A Ryedale couple say they are lucky to be alive after they were seconds away from coming face-to-face with the Tunisian gunman.
Barry and Suzanne West, of Reeton Terrace, Norton, had been sitting by the pool outside the Rui Imperial Marhaba hotel late on Friday morning when Tunisian student Seifeddine Rezgui started firing indiscriminately at tourists sunbathing on the beach 150 metres away.
“We thought it was firecrackers coming from the beach area,” said Barry. “But then, seconds later, people started to run, screaming, towards where we were.”
The quick-thinking couple ran inside the hotel at the popular resort of Port El Kantaoui and, despite being slowed by arthritis in Suzanne’s leg, managed to dive into a waiting elevator.
“Literally as the lift set off, we heard what we thought was a grenade going off in the lobby,” said Barry. “Our guess was that he was 20 seconds behind us. Had we been at the other side of the pool, there is no way we would have got to the lift. He would have caught up with us.”
Witnesses have since said Rezgui entered the hotel via the pool area and made his way towards the reception, where he is reported to have thrown at least one grenade into a staff corridor - killing a woman who had taken shelter there.
He is then understood to have returned to the beech to continue his shooting spree.
Suzanne said: “I don’t think we realised until we saw the television afterwards just how close he was to us. All the time we were thinking there are a lot more gunmen, maybe a dozen of them. It was non-stop firing and handgrenades.”
Barry and Suzanne, meanwhile, had taken refuge in a second floor hotel room with a couple from Sunderland and a Scottish woman, barricading the door with chairs.
Suzanne said: “We were just sat behind these beds, trying to be as quiet as possible. We still didn’t know what was going on and we didn’t know how long we were going to be there.”
Luckily, there was a television in the room and in the early afternoon, news of the attack began to be revealed, along with reports that there were two gunmen.
“That was when we started worrying about our family at home, but we had no phone,” said Suzanne.
They would spend around three hours hiding in the bedroom, not knowing that Rezgui, acting alone, had already been killed by police.
“Eventually there was a knock at the door which frightened everyone to death,” said Barry. “I opened the door and there were three men in balaclavas and machine guns, so I shut the door again! But they said ‘it’s okay, its the police.’ I opened the door again and they said give us half an hour to do a complete sweep of the hotel.”
Returning to their own hotel room, the couple were able to get a simple text message to their relieved daughters Mandy and Alison: “mum and dad okay.”
Thirty eight people would be killed, with as many as 30 of those expected to be confirmed as British - making it the most significant attack on the British people since the 7/7 attacks in London.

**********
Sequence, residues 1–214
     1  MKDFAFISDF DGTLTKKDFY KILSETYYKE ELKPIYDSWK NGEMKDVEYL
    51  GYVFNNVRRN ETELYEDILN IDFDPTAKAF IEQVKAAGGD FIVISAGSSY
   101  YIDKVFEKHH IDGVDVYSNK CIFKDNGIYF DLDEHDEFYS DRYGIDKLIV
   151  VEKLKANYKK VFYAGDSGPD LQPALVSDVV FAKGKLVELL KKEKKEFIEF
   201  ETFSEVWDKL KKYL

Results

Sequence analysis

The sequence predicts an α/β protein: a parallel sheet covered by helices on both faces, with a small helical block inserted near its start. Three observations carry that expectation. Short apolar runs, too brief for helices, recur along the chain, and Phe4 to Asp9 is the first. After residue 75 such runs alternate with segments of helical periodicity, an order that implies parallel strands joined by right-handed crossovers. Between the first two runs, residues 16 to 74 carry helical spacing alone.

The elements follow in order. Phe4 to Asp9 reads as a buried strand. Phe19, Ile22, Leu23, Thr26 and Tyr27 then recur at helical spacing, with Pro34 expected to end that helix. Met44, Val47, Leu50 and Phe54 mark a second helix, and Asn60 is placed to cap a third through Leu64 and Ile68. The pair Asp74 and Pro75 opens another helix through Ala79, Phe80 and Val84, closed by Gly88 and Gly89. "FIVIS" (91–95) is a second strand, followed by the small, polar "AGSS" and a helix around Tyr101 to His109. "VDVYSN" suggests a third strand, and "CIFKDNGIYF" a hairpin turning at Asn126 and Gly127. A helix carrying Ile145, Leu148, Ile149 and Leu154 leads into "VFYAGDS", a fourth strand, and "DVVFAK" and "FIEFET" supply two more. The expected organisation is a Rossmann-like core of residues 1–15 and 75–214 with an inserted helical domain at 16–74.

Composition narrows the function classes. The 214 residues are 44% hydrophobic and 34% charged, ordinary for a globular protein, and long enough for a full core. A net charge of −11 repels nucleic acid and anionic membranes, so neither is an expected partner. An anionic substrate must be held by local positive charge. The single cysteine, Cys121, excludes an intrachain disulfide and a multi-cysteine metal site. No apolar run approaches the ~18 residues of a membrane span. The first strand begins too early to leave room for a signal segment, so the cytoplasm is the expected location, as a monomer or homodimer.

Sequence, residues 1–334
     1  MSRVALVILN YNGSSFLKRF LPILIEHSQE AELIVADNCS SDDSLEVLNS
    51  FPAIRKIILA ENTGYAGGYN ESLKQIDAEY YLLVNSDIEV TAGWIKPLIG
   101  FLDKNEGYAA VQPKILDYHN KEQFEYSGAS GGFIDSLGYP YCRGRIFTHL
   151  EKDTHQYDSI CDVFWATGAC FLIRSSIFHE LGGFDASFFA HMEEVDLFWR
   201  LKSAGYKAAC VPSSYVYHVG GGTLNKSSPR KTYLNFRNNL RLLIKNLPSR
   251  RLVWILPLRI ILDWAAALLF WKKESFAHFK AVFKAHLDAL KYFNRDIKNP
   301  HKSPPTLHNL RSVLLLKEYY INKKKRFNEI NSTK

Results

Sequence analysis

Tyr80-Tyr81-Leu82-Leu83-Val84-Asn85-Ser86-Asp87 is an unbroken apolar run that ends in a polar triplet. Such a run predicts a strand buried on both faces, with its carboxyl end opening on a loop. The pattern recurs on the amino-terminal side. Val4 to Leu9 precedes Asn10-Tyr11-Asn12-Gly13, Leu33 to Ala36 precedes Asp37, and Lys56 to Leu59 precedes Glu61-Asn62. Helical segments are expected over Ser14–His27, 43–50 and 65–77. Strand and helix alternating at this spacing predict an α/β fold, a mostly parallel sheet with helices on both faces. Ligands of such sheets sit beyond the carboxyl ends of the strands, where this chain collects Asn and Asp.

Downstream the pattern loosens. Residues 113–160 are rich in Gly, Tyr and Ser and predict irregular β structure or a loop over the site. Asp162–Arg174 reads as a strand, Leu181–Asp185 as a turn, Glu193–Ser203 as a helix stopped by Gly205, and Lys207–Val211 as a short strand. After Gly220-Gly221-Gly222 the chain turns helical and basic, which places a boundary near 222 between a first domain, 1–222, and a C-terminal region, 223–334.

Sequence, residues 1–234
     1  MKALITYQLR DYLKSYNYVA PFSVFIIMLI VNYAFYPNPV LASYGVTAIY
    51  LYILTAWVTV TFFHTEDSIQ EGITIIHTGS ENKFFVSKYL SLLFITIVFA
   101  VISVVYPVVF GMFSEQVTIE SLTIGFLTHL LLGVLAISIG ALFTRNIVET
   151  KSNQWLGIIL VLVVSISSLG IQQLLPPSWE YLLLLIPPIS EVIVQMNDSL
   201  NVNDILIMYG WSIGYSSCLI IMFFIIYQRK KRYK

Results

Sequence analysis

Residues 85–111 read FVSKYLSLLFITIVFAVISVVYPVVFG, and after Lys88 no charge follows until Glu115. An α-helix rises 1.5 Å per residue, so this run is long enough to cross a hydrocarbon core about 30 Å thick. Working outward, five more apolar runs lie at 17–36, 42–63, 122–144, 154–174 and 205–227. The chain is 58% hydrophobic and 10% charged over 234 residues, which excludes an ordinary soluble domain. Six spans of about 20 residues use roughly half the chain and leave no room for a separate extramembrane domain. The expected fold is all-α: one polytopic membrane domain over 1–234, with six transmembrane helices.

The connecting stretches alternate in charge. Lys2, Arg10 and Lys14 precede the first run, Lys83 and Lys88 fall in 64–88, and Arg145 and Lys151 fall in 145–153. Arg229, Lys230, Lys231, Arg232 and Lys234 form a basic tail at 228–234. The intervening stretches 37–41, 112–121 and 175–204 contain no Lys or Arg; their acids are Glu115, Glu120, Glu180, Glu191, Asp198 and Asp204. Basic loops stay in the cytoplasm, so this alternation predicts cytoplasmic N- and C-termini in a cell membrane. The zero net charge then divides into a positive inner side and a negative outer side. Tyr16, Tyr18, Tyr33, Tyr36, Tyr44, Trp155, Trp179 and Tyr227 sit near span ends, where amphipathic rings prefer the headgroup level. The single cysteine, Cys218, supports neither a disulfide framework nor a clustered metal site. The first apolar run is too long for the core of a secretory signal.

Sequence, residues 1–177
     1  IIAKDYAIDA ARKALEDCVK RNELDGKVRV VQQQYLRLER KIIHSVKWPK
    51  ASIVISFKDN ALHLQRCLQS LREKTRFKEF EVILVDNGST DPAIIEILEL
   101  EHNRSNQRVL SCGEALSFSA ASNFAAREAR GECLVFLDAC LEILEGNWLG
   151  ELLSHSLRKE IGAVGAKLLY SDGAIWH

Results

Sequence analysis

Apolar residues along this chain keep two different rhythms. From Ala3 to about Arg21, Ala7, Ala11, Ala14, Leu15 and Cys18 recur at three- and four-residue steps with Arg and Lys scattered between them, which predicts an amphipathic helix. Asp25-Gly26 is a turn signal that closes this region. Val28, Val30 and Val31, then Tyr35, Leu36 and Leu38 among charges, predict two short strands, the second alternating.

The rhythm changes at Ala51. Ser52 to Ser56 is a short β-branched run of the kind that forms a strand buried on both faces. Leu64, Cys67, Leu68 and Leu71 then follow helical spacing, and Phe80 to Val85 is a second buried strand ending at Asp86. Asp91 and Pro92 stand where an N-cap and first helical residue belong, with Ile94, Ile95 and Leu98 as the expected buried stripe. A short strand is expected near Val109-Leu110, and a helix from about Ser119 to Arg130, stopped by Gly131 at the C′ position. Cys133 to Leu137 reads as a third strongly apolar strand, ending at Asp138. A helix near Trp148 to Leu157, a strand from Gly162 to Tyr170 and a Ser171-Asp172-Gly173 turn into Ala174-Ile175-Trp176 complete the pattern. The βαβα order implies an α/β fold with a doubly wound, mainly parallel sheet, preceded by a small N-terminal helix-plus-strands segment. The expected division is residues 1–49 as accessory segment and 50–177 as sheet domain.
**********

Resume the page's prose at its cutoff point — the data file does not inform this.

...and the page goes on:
The aftermath of the attack brought it even closer to home how close they had been to running into the gunman.
“Literally 10 yards from our sunbeds, the steps were covered in blood,” said Suzanne. “The atmosphere in the hotel was really sombre as I understand two of the staff died, that’s what we were told anyway.”
“After that, Thomson holiday reps were everywhere. We want to make is clear that they couldn’t have done anymore for us. They called us to a meeting at 10pm and said anyone that wants to go home should be packed and down in the lobby by 12am. Everyone in our hotel was then evacuated.”
Within 24 hours of the attack, Barry and Suzanne were back in Norton - having been flown back to Manchester and then bussed to Leeds Bradford Airport where they picked up their car.
But, in the days that have followed, they have been glued to the television as they try to make sense of what happened, and of the movements and motives of Rezgui.
“After it happened, I felt reasonably calm but since I came back, it has really hit home when you see everything on the television,” said Barry.
Suzanne added: “We want to know what happened. It helps me and I need to know where he was and where he went.”
“Everyone has been great since we came home. We have had people ringing up to see how we are and we’d like to thank everyone for all their kind thoughts.”
Both are also keen to pay tribute to the Tunisians, the hotel staff and the people themselves.
“It is a fabulous hotel,” said Suzanne. “We feel sorry for the staff who were brilliant. They are lovely people and love the British tourists. It is them who are going to suffer in the future. Those waiters who run up and down all day - they won’t have a job next year probably because that hotel has now had its day.”
A national minute’s silence for the victims of the Tunisia attack will be held on Friday at 12pm.